Celebrating sustainable fishing

My husband is an enthusiastic fisherman, so it’s no surprise that we went to the Hawaii Fishing and Seafood Festival in Honolulu earlier this month.

It was sunny, humid, beautiful October morning, and volunteers greeted us with event programs at the entrance to Pier 38. White tents lined the pier and saltwater fish were displayed in the cool auction warehouse. My husband disappeared into the white tents and conversations with other fishermen. My 7-year old son and I enjoyed relaxing music and free shaved ice from Chevron, but we missed Coastie the Safety Boat, the Coast Guard robotic boat that moves, blinks its eyes, speaks, and shoots water at boys and girls.

The theme this year was “Sharing Our Ocean Resources, Sharing Responsibility,” and I’d like to thank the Pacific Islands Fisheries Group, volunteers, and sponsors for a friendly and educational event. Our oceans and our fisheries are a vital resource for food sustainability in Hawaii.

Let’s also take a few moments to appreciate all of the research, education, and sustainable practices that are necessary to ensure sustainable fishing.

Fishermen Code of Conduct

Fishermen of all ages can follow the Fishermen Code of Conduct, written by the Western Pacific Regional Fishery Management Council:
1. RESPECT NATURE and your place in it.
2. SEEK ADVICE of experts with generational knowledge of the local resources.
3. SHOW REGARD to spawning seasons and juvenile fish.
4. DO NOT WASTE. Take only what is needed.
5. KEEP SAFE people, property, and resources.
6. OBEY fishing laws and rules.
7. USE PROPER gear and techniques.
8. PICK UP YOUR TRASH.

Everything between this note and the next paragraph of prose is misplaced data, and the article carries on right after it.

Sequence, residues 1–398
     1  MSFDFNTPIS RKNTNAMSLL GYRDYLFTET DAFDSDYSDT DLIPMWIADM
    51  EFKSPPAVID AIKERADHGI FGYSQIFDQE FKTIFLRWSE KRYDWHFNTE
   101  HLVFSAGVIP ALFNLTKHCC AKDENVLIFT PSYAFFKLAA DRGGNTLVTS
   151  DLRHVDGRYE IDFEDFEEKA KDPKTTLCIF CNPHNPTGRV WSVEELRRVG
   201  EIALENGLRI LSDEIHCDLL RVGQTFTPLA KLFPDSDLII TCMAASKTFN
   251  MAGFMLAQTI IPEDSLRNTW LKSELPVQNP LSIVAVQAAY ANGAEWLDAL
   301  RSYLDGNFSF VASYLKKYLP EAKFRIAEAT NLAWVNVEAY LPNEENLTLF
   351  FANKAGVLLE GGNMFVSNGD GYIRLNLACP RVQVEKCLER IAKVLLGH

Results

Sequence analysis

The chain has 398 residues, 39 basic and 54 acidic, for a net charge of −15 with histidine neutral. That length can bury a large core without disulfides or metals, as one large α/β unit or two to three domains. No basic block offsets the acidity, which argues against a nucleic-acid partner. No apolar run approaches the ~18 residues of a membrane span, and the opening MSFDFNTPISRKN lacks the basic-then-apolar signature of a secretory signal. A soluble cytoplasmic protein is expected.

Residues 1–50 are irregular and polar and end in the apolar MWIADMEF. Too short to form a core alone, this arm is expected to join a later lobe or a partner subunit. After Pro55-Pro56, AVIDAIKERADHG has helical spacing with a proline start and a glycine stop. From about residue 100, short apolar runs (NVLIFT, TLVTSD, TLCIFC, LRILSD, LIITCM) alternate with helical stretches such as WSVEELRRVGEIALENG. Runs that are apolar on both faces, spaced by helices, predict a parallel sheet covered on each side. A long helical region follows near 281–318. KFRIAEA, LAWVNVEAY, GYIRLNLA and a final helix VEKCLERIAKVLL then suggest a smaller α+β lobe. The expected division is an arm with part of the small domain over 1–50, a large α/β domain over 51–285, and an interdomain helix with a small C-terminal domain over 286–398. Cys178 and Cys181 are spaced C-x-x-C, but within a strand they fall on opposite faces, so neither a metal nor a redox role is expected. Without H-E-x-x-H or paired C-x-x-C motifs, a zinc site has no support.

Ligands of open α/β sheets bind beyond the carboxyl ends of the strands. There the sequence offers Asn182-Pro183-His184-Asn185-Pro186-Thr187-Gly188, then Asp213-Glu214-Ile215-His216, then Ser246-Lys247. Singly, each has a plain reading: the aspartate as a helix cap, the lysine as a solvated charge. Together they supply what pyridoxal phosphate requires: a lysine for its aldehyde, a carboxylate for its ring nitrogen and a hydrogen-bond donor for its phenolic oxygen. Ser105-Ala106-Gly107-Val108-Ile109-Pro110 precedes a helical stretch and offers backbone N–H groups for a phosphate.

9. SHARE your catch.

Families can teach children about ocean safety and only taking the fish that you need. You and your keiki can practice “catch and release,” remembering to keep fish in water as much as possible, handle them gently, and remove hooks quickly. If you decide to keep your fish, make sure it is of legal size and in season, and pack it on ice. Read “One Fish, Two Fish, Get Ready to Go Fish!” together, a beginner’s guide from the Pacific Islands Fisheries Group. Down a copy of “Why is Hawaii’s Ocean Important?” an activity book from the National Oceanic and Atmospheric Administration (NOAA).

All of us can support sustainable fisheries by knowing where our fish comes from and choosing local sustainable seafood. We can read more about Hawaii’s sustainable fishing in “Keeping Hawaii Seafood Sustainable” by the Hawaii Seafood Council.

Are you a fisherman? Do you have a favorite seafood recipe? What are your favorite fishing memories? My childhood fishing memories involve a bamboo pole, shallow streams, and my dad.

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One Comment on “Celebrating sustainable fishing”


  1. Entry was posted on October 22, 2013 at 5:00 am and is filed under Community. You can subscribe via RSS 2.0 feed to this post.


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